Ohio pediatricians are going back to school to help children be more prepared when they enter school, too.

Ohio pediatricians are going back to school to help children be more prepared when theyn enter school.

The Ohio Chapter, American Academy of Pediatrics unveiled the "Concerned About Development Learning Collaborative (CADLC)," a program aimed at teaching physicians how to screen for delays in development with the newest evidence-based tools.

"Parents have probably heard 1 in 150 children have autism in the United States," said Dan Farkas, project manager. "What parents don't realize is that 1 in 8 children are born with some developmental delay."

The Center for Disease Control and Prevention defines a developmental delay as "A delay in reaching key developmental milestones, such as talking, crawling, walking, or rolling."
Dr. John Duby, CADLC Medical Director, said while many of those problems are minor, screening can also identify issues as serious as cerebral palsy or autism.

"Our screening program identifies red flags more quickly, leading to earlier identification, referral, and treatment of delays," Dr. Duby said. "If we can find children at risk before they turn three, there's ample evidence to suggest early intervention will help the child and entire family."

The CADLC also helps doctors and families access local community resources to help with treatment plans.

"Evidence suggests when parents have a concern about their child's development, they're right 80 percent% of the time," Dr. Duby said. "We want to help families make well-informed choices about their child's care."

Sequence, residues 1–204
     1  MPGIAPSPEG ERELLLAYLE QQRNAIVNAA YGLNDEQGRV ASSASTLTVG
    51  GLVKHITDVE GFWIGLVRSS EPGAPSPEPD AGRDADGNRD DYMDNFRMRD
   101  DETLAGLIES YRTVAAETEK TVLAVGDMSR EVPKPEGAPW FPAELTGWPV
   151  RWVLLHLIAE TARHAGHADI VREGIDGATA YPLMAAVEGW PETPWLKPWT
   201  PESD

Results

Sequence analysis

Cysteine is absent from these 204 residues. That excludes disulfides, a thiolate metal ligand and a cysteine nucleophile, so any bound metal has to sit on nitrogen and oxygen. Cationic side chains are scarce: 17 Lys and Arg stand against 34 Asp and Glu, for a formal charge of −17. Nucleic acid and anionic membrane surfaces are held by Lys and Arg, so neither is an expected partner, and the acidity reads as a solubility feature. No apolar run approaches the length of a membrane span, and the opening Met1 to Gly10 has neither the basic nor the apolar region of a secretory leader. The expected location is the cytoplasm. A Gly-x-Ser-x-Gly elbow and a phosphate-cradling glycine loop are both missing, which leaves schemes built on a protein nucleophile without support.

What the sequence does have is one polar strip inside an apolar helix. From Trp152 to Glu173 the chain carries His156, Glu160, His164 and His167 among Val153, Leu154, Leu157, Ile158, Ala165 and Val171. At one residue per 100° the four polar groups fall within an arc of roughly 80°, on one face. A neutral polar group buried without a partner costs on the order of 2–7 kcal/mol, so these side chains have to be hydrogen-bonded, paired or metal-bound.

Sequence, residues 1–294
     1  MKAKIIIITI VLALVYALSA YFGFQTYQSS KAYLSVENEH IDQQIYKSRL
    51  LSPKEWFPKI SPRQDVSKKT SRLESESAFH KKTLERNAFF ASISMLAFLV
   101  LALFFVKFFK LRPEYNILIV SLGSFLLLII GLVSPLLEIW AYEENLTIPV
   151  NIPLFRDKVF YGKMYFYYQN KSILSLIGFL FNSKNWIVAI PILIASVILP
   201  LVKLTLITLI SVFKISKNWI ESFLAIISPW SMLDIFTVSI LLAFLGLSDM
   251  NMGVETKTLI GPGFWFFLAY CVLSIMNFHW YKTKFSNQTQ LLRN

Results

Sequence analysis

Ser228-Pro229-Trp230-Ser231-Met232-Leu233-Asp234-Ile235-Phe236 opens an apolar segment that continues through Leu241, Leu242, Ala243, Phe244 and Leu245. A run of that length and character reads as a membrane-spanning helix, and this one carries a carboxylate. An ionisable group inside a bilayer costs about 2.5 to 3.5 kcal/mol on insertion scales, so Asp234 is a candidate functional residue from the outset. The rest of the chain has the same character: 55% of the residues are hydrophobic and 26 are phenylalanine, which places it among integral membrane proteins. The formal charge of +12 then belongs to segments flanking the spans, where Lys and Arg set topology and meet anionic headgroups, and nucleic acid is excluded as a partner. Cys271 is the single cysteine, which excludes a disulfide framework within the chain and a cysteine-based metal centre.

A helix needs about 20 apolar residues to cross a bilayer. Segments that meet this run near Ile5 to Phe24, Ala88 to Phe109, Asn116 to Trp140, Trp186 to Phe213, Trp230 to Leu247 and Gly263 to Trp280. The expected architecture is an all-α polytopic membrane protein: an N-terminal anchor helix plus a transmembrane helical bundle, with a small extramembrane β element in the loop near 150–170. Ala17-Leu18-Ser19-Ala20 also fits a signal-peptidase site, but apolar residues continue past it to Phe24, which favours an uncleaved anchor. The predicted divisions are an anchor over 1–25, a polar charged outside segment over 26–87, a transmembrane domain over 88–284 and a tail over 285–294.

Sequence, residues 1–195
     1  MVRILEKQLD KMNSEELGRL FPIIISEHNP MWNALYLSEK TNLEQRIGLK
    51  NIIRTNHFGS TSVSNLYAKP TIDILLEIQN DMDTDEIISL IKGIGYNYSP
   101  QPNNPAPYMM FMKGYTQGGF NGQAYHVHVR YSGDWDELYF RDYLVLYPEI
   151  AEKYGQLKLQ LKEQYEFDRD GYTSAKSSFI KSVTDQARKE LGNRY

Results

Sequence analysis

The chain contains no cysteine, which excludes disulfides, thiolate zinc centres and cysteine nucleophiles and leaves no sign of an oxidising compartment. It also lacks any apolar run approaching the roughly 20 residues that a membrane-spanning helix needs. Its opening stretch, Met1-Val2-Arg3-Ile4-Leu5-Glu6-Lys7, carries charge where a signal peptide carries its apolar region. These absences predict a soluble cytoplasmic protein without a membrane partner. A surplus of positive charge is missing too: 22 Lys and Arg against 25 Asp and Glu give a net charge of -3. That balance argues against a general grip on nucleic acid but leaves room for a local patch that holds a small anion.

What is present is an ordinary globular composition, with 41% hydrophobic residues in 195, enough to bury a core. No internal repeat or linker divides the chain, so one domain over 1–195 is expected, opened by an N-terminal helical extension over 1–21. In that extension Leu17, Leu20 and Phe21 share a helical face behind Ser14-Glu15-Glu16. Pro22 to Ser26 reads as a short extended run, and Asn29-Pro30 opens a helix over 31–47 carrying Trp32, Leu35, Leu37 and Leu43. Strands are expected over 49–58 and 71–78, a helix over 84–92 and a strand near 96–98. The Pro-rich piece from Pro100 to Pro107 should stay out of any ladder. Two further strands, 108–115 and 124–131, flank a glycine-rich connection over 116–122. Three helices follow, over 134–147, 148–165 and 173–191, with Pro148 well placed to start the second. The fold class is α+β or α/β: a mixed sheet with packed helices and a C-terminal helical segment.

Farkas said if parents have questions about their child's development, they can visit www.concernerdaboutdevelopment.org to look at a list of developmental milestones sorted by age.

"If a parent has concerns, there is also a list of doctors already screening for delays in development," Farkas added. "We even have a list of community resources listed by region."

In September, the new training programs begin in person and on-line. Any Ohio physician is eligible to apply for the six-hour course.

"Parents are some of the best recruiters we have in spreading the word about the importance of developmental screening," Farkas said. "Evidence-based screening should be an expectation, not an added bonus."

Click here to learn about the screening program and to print an application for your doctor's office.
http://www.concernedaboutdevelopment.org/autism/professional-resources.